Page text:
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Periodic Table of Elements

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Presentation on theme: "Periodic Table of Elements"— Presentation transcript:

1 Periodic Table of Elements


3 Properties of Metals Metals are good conductors of heat and electricity. Metals are shiny. Metals are ductile (can be stretched into thin wires). Metals are malleable (can be pounded into thin sheets). A chemical property of metal is its reaction with water which results in corrosion.

4 Properties of Non-Metals
Non-metals are poor conductors of heat and electricity. Non-metals are not ductile or malleable. Solid non-metals are brittle and break easily. They are dull. Many non-metals are gases. Sulfur

5 Properties of Metalloids
Metalloids (metal-like) have properties of both metals and non-metals. They are solids that can be shiny or dull. They conduct heat and electricity better than non-metals but not as well as metals. They are ductile and malleable. Silicon

6 Families

7 Hydrogen The hydrogen square sits atop Family AI, but it is not a member of that family. Hydrogen is in a class of its own. It’s a gas at room temperature. It has one proton and one electron in its one and only energy level. Hydrogen only needs 2 electrons to fill up its valence shell.

8 Alkali Metals The alkali family is found in the first column of the periodic table. Atoms of the alkali metals have a single electron in their outermost level, in other words, 1 valence electron. They are shiny, have the consistency of clay, and are easily cut with a knife.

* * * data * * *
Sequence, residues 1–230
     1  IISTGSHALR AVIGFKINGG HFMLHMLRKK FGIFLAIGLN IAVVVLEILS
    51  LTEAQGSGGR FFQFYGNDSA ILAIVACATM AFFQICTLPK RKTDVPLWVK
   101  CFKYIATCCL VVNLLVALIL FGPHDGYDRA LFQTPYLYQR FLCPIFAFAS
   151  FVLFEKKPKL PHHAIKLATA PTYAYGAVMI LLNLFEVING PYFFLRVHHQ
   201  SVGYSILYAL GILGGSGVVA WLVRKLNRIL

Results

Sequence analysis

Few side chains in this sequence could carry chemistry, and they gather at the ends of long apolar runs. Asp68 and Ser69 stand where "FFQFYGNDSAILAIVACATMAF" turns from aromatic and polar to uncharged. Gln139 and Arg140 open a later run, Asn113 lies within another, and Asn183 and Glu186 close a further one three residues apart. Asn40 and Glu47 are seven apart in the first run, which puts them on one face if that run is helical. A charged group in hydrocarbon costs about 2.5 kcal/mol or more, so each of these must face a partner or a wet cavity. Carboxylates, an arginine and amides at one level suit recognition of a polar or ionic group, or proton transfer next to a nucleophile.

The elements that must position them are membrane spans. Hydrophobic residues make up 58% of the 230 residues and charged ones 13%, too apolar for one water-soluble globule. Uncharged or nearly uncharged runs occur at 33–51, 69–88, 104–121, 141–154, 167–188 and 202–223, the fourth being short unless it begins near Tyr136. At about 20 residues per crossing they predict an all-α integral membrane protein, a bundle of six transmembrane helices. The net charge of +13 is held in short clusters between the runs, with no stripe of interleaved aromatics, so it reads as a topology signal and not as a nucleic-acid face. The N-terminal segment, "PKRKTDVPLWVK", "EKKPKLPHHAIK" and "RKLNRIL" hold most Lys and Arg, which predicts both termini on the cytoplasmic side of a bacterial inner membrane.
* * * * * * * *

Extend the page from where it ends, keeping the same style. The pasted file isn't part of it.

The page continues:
9 Alkali Metals They are the most reactive metals.
They react violently with water. .

10 Alkaline Earth Metals They are never found uncombined in nature.
They have two valence electrons. Transition elements have 1 or 2 valence electrons, which they lose when they form bonds with other atoms

11 Transition Metals These are the metals you are probably most familiar: copper, tin, zinc, iron, nickel, gold, and silver. They are good conductors of heat and electricity.

12 Boron Family Atoms in this family have 3 valence electrons.
This family includes a metalloid (boron), and the rest are metals. This family includes the most abundant metal in the earth’s crust (aluminum).

13 Carbon Family Atoms of this family have 4 valence electrons.
This family includes a non-metal (carbon), metalloids, and metals. The element carbon is called the “basis of life.”

14 Nitrogen Family The nitrogen family is named after the element that makes up 78% of our atmosphere. This family includes non-metals, metalloids, and metals. Atoms in the nitrogen family have 5 valence electrons. They tend to share electrons when they bond.

15 Oxygen Family Atoms of this family have 6 valence electrons.
Most elements in this family share electrons when forming compounds. Oxygen is the most abundant element in the earth’s crust. It is extremely active and combines with almost all elements.

16 Halogen Family Halogens have 7 valence electrons, which explains why they are the most active non-metals. They are never found free in nature. Halogen atoms only need to gain 1 electron to fill their outermost energy level. They react with alkali metals to form salts.

17 Noble Gases Noble Gases are colorless gases that are extremely un-reactive. They are inactive because their outermost energy level is full.

18 Rare Earth Elements The thirty rare earth elements are composed of the lanthanide and actinide series. Top row Lanthanides Bottom row Actinides Lanthanides Actinides

19 Enrico Fermi Known as “Father of the Atomic Bomb” (1935)

20 James Chadwick Discovered the neutron (1932)

21 Sir Isaac Newton Known for Newton’s Laws
Theory of Universal Gravitation

22 Reactivity Reactivity is the tendency of a substance to undergo chemical reaction, either by itself or with other materials, and to release energy. 

23 Corrosive Corrosives are materials that can attack and chemically destroy other materials.

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